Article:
Tuesday, July 29, 2014

Even Moderate Walking Cuts Metabolic Syndrome

walkers on an easy trail (photo by jhy)

from a news release of Duke University Medical Center

Research from Duke University Medical Center shows that even a modest amount of brisk walking weekly is enough to trim waistlines and cut the risk of metabolic syndrome (MetS), an increasingly frequent condition linked to obesity and a sedentary lifestyle.

It’s estimated that about a quarter of all U.S. adults have MetS, a cluster of risk factors associated with greater likelihood of developing heart disease, diabetes and stroke: large waist circumference, high blood pressure, high levels of triglycerides, low amounts of HDL, or “good” cholesterol, and high blood sugar. To be diagnosed with MetS, patients must have at least three of these five risk factors, and according to many studies, a growing number of people do.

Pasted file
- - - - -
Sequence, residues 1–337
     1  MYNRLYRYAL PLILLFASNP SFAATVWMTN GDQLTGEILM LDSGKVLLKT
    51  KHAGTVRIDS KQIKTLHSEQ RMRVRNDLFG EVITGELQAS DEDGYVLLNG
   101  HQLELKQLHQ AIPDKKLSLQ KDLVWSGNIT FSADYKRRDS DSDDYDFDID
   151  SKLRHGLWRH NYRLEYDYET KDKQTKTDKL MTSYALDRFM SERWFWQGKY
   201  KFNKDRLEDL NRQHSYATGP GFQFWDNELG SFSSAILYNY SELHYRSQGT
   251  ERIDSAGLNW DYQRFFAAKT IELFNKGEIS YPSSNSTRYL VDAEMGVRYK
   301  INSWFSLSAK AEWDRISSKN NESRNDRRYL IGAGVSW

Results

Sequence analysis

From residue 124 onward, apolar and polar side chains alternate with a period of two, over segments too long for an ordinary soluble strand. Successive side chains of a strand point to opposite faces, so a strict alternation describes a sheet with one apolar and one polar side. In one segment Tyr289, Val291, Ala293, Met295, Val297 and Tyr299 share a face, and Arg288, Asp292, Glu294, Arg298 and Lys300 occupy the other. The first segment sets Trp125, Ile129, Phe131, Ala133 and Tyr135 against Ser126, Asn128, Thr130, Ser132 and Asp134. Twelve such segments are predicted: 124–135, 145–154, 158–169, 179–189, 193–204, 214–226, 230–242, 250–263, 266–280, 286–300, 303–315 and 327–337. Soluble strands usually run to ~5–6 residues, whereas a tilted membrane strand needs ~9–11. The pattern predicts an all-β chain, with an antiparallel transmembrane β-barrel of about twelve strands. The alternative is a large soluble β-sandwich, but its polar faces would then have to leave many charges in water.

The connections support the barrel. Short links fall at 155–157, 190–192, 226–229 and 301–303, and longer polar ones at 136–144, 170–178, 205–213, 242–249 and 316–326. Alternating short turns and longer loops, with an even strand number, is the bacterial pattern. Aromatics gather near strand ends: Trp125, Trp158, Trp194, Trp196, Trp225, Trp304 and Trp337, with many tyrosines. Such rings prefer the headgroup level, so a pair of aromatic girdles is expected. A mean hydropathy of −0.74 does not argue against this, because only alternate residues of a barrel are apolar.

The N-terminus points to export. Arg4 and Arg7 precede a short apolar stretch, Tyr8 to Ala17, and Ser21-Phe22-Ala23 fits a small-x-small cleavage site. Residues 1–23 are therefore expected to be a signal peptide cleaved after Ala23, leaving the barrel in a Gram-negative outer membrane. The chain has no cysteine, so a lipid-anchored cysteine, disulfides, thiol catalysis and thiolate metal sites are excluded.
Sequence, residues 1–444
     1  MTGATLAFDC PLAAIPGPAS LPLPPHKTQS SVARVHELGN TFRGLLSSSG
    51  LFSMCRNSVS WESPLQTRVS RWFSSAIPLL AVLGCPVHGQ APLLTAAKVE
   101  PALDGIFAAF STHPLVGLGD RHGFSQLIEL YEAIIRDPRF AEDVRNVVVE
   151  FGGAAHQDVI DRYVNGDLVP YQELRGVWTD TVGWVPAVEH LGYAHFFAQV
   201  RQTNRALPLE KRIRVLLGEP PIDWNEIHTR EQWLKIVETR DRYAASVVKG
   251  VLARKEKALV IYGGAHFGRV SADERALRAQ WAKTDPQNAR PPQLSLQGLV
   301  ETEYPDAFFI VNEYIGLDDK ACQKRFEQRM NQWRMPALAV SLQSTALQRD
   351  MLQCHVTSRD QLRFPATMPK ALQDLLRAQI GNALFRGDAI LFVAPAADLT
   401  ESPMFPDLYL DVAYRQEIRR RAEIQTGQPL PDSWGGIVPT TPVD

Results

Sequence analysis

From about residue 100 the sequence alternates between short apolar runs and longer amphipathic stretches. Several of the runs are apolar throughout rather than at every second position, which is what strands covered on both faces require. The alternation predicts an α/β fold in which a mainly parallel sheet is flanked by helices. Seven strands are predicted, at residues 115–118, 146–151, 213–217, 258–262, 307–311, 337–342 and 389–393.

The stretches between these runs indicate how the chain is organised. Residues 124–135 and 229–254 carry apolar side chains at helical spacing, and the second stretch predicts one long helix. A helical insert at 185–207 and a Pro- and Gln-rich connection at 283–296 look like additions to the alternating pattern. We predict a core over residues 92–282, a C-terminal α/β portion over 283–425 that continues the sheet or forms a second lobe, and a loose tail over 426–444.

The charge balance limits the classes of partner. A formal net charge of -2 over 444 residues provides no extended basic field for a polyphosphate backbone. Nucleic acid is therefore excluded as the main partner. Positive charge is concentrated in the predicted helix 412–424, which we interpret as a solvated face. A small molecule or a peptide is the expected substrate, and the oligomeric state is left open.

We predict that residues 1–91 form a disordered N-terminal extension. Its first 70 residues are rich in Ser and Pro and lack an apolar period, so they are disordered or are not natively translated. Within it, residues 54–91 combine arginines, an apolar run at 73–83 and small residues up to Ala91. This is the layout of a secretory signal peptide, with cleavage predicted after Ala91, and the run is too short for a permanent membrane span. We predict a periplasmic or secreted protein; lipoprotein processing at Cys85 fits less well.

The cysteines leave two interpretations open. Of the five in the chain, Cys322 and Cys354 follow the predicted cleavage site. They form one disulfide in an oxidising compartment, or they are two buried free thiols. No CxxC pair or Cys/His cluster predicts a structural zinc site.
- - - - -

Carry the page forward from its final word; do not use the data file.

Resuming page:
But Duke Medical Center says a person can lower risk of MetS by walking just 30 minutes a day, six days per week, even without changes in your diet.

“The results of our study underscore what we have known for a long time,” said Duke cardiologist William Kraus. “Some exercise is better than none; more exercise is generally better than less, and no exercise can be disastrous.”

The results come from a multi-year, federally funded study that examined the effects of varying amounts and intensity of exercise on 171 middle-aged, overweight men and women. Before exercising regularly, 41 percent of the participants met the criteria for MetS. At the end of the 8-month exercise program, only 27 percent did.

That's encouraging news for sedentary, middle-aged adults who want to improve their health. They can simply walk around the neighborhood after dinner every night.

Those who did a short period of very vigorous exercise didn't improve their MetS scores as much as those who performed less intense exercise for a longer period.

Kraus said there may be more value in doing moderate intensity exercise every day rather than more intense activity just a few days a week.

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Read the entire article: Moderate exercise cuts rate of metabolic syndrome
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